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Friday, April 29, 2011

Rotring Rapidograph pen review


The Rotring Rapidograph uses a cartridge, and there is technical language, which I won't attempt to repeat, that says in essence--little to no maintenaince

The cartridge is easy to install, once you read the instructions (I didn't, lol).  The pen feels good in the hand, but, so what? you ask.  How well does it work?

I chose a .18 size nib, which is small, and the size I would use most often.  After about two weeks, the line is as crisp and fresh as it was brand new, even after heavy use on textured paper.  Which is what I would expect from a good technical pen.  I draw constantly, and the Micron Pigma's nibs, of similar size--.005 and .003--would be wearing down within that time frame.

Pros:  The Rotring rapidograph performs well and requires little maintenance. 

Before I get to the Cons--most technical pens have little tubes that you can refill with bottled ink.  That's good, because the bottled ink is cheaper, and easy to find, and you can switch colors, and sometimes the type of ink.

Except--there is a saying.  You can't spell LAME without ME.  Yup.  I carefully squeeze that ink into the little tube.  And watch it splatter across the wall, the floor, me, and generally go everywhere except into the little tube.  Plus, I'm impatient.  Most technical pen tips, especially smaller nib sizes, will clog up.  Then you take them apart, and if you don't bend them (I do) you soak them in water, alcohol or special cleaning fluid.  Sometimes for days.  Which means you can't always use the pen when you want it.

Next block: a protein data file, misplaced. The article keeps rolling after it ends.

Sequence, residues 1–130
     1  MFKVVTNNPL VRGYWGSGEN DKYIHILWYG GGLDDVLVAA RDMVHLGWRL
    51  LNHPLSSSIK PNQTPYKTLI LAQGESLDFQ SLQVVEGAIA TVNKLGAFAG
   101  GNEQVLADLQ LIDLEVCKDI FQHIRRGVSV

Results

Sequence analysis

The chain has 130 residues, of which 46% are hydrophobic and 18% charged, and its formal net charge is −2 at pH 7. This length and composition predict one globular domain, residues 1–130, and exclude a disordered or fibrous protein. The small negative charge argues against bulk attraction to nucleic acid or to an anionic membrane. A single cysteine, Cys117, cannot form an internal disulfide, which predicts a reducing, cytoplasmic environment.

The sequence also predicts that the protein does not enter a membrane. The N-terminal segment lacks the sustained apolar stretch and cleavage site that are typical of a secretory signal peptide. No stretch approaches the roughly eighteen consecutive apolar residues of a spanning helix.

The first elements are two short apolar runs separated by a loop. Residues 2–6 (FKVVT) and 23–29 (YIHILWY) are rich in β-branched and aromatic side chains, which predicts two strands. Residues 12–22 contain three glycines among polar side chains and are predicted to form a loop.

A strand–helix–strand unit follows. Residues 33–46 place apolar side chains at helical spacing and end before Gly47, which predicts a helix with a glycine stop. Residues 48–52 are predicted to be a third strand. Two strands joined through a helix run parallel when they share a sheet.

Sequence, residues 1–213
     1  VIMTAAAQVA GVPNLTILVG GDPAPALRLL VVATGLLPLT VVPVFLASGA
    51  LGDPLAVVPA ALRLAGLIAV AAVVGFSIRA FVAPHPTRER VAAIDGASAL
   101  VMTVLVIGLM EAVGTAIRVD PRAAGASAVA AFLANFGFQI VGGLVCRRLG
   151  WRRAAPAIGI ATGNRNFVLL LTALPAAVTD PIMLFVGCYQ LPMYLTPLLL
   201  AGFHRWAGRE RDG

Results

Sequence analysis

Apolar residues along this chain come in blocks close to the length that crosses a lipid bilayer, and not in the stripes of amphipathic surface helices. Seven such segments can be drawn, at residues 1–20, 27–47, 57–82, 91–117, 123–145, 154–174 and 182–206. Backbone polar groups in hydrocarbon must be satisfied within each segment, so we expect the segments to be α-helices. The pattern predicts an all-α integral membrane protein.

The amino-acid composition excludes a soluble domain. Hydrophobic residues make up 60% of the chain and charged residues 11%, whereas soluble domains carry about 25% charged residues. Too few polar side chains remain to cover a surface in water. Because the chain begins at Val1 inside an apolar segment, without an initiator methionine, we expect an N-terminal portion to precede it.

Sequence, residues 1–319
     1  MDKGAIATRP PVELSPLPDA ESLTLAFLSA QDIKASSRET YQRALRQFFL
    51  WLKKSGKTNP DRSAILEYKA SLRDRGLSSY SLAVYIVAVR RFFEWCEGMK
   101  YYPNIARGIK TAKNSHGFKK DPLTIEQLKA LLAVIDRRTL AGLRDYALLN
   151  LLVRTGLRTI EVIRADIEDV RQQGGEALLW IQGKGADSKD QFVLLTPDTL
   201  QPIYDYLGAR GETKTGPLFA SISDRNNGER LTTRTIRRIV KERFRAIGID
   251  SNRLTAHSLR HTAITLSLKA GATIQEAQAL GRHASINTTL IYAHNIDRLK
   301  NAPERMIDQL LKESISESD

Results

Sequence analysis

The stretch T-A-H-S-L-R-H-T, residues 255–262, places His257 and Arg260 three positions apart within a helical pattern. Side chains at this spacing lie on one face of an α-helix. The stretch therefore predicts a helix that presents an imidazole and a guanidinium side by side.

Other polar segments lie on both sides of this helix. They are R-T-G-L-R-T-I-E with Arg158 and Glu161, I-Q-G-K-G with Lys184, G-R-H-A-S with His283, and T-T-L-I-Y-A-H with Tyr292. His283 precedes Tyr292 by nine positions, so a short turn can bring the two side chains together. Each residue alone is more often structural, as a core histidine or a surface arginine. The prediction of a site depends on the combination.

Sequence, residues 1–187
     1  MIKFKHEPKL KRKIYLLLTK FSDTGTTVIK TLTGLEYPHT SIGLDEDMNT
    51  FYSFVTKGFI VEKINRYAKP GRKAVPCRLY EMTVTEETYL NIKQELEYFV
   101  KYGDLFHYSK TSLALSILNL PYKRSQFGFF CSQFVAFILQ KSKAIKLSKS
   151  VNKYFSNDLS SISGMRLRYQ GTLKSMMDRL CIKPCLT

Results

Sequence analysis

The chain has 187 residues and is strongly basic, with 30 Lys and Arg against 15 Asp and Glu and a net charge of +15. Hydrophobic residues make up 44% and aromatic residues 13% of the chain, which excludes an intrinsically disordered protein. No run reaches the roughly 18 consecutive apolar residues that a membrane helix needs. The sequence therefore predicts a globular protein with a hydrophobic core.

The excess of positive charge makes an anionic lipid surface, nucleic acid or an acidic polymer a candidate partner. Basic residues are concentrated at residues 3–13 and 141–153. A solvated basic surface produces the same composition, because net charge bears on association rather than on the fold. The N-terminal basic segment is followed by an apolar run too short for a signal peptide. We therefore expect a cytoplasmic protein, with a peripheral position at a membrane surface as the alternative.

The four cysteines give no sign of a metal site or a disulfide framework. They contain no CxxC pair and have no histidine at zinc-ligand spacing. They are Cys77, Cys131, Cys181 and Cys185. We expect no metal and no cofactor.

So, I need a cartridge-based pen.  Okay.  I want a cartridge based pen.

Cons: The pen isn't cheap.  Prices vary by nib size.  At DickBlick's the Koh-i-noor Rapidograph .18 mm is $21. 99, where the Rotring Rapidograph .18mm is $35.51. 

You have to find and buy replacement cartridges, which run around $7 plus shipping and handling for 3 cartridges. 

Both the pen and cartridges are hard to find.  DickBlick's, NYCentral Art Supply and MisterArt all carry them, but I haven't found them at other online art stores that I'm familiar with. I have not been able to find them in any of the three art stores in the Portland, Oregon area.

I can't say that the performance is better than the Koh-i-noor technical pen.  On the other hand, my Koh-i-noors all lie unused due to bent nibs and the desire to avoid ink clean ups.  In the recent past, I've been using Micron Pigmas and truthfully, I could buy a lot of Microns for the cost of this pen.  But I'm tracking how long the cartridge lasts, because it might be cheaper in the long, long, long run.

If you go looking for the Rotring Rapidograph, be aware that the Rotring Artpen is an entirely different animal.  It's far easier to find, but is more like a fountain pen.  There are also older versions of the Rotring Rapidograph that don't use the cartridge, so be careful to get what you really want, if you buy from ebay or other auction site.


Meanwhile, I'm really enjoying using the pen.  Here are some of the drawings I've done so far, using it for the fine detail and shading.